In Germany, day-to-day goods are one-third more expensive than in the rest of the world. But German price levels rank near average in a European comparison, while living in Switzerland and Norway comes with the highest price-tag, a recent study says. EURACTIV Germany reports.
Life in Germany is comparatively expensive, according to a recent study. In 2011, the price level in the Federal Republic was around 36% over the global average, the Federal Statistical Office (Destatis) reported on Wednesday (7 May).
Compared to German price levels, living costs were much lower in Asia. In South Korea, for example, people paid 28% less three years ago, while China and Russia were around half. In India, expenses were over 70% lower than in Germany.
Destatis based its findings on a study conducted by the World Bank’s International Comparison Program (ICP) which focused on purchasing power parities and comparative price levels.
The results show that none of the African or South American countries participating in the 2011 comparison could keep up with prices in Germany. Prices in Brazil, which hosted the last FIFA WorldCup, were around 12.8% below German levels.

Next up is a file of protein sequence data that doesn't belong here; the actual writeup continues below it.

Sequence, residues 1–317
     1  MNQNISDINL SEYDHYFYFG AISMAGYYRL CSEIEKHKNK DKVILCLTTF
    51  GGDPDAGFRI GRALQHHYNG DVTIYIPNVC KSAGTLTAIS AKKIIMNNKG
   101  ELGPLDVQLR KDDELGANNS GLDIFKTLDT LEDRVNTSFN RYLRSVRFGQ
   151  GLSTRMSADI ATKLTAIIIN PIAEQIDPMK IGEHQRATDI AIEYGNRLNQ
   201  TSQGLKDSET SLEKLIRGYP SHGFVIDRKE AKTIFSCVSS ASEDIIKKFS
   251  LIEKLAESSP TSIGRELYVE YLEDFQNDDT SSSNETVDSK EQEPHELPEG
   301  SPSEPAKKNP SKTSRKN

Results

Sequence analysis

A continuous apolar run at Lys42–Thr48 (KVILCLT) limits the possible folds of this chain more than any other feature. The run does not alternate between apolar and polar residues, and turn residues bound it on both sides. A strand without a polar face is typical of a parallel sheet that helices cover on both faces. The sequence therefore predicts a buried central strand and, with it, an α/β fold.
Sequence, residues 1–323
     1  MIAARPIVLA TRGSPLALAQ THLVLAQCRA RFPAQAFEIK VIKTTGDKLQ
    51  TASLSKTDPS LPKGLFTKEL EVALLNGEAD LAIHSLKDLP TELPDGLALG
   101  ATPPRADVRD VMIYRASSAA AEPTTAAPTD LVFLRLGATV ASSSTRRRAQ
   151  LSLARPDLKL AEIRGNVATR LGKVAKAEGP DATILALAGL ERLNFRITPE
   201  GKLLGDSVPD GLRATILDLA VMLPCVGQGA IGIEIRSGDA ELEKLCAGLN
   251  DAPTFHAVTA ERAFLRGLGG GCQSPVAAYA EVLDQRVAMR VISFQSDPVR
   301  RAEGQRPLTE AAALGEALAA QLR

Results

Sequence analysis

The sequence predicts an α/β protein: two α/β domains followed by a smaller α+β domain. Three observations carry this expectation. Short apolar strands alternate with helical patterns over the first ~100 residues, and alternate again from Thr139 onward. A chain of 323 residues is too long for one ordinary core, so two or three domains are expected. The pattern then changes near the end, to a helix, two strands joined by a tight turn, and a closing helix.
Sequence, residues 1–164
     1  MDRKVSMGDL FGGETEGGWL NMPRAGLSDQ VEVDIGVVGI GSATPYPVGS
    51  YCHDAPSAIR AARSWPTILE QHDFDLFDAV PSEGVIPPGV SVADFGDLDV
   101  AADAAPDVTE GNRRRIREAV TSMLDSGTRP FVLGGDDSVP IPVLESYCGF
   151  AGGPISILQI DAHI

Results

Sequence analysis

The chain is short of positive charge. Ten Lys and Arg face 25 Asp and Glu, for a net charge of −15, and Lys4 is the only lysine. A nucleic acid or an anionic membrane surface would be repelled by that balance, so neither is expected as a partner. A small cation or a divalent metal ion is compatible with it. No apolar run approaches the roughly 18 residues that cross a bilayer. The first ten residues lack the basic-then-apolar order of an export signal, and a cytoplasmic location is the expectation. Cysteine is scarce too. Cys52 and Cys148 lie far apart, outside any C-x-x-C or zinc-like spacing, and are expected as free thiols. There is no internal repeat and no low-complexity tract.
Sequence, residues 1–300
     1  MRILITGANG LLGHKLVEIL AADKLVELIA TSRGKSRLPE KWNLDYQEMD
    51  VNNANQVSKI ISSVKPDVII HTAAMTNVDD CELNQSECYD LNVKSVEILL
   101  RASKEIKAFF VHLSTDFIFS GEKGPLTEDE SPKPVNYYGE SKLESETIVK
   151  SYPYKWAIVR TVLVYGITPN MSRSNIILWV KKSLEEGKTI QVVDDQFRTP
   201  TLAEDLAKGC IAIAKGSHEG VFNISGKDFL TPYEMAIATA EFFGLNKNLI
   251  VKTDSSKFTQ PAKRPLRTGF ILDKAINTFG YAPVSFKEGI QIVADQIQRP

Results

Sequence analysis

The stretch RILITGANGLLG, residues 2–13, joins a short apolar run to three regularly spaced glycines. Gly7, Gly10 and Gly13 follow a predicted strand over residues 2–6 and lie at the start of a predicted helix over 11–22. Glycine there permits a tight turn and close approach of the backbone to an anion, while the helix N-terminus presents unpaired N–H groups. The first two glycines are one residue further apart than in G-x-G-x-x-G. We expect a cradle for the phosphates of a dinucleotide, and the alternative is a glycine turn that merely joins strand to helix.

Consumers in the United States also paid close to 12% less in 2011 than those in Germany.
The ICP study found the lowest price levels in Egypt, Pakistan and Myanmar.
In Canada, however, prices were around 14.1% higher than those in Germany. But in Australia and Japan, living expenses were even higher: There, consumers spent around 38.4% and 27.9% more respectively on a so-called “representative cart of goods”.
The highest expenses overall were in Switzerland and Norway. But Sweden, Finland and Luxembourg were also among those with higher living costs than Germany. In general, Germany ranked just over the average in the European comparison for 2011.
Fears regarding a repetition of the 2007-08 food price crisis were sparked in 2011 with the publication of the United Nations' food price index, showing a 32% rise in wholesale prices of agricultural commodities in the second half of 2010.
The Group of 20 leading economies discussed ways to tackle soaring food prices through global cooperation at a Paris meeting that year.
But EU officials noted that the fears were not completely justified and insisted that before trying to find a solution, world leaders needed to define the problem in order to get off on the right track: What drives up food prices?